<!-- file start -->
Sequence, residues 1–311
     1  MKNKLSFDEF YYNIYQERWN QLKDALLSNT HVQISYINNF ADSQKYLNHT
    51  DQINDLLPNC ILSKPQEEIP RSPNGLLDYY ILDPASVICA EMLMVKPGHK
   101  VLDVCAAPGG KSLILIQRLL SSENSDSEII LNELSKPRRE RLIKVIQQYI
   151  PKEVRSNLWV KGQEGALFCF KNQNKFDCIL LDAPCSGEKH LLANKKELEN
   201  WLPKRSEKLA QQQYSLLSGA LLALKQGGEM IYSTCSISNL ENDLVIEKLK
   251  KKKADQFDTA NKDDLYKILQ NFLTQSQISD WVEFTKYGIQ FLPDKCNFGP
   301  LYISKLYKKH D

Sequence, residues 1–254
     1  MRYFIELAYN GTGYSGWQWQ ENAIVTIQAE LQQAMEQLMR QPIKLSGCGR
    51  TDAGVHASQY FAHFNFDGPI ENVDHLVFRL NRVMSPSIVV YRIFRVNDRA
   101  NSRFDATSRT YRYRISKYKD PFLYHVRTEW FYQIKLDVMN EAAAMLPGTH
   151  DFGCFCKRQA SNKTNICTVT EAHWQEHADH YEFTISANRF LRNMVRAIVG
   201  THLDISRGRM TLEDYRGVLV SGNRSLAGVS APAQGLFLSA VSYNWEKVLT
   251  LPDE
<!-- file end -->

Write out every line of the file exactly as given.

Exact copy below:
Sequence, residues 1–311
     1  MKNKLSFDEF YYNIYQERWN QLKDALLSNT HVQISYINNF ADSQKYLNHT
    51  DQINDLLPNC ILSKPQEEIP RSPNGLLDYY ILDPASVICA EMLMVKPGHK
   101  VLDVCAAPGG KSLILIQRLL SSENSDSEII LNELSKPRRE RLIKVIQQYI
   151  PKEVRSNLWV KGQEGALFCF KNQNKFDCIL LDAPCSGEKH LLANKKELEN
   201  WLPKRSEKLA QQQYSLLSGA LLALKQGGEM IYSTCSISNL ENDLVIEKLK
   251  KKKADQFDTA NKDDLYKILQ NFLTQSQISD WVEFTKYGIQ FLPDKCNFGP
   301  LYISKLYKKH D

Sequence, residues 1–254
     1  MRYFIELAYN GTGYSGWQWQ ENAIVTIQAE LQQAMEQLMR QPIKLSGCGR
    51  TDAGVHASQY FAHFNFDGPI ENVDHLVFRL NRVMSPSIVV YRIFRVNDRA
   101  NSRFDATSRT YRYRISKYKD PFLYHVRTEW FYQIKLDVMN EAAAMLPGTH
   151  DFGCFCKRQA SNKTNICTVT EAHWQEHADH YEFTISANRF LRNMVRAIVG
   201  THLDISRGRM TLEDYRGVLV SGNRSLAGVS APAQGLFLSA VSYNWEKVLT
   251  LPDE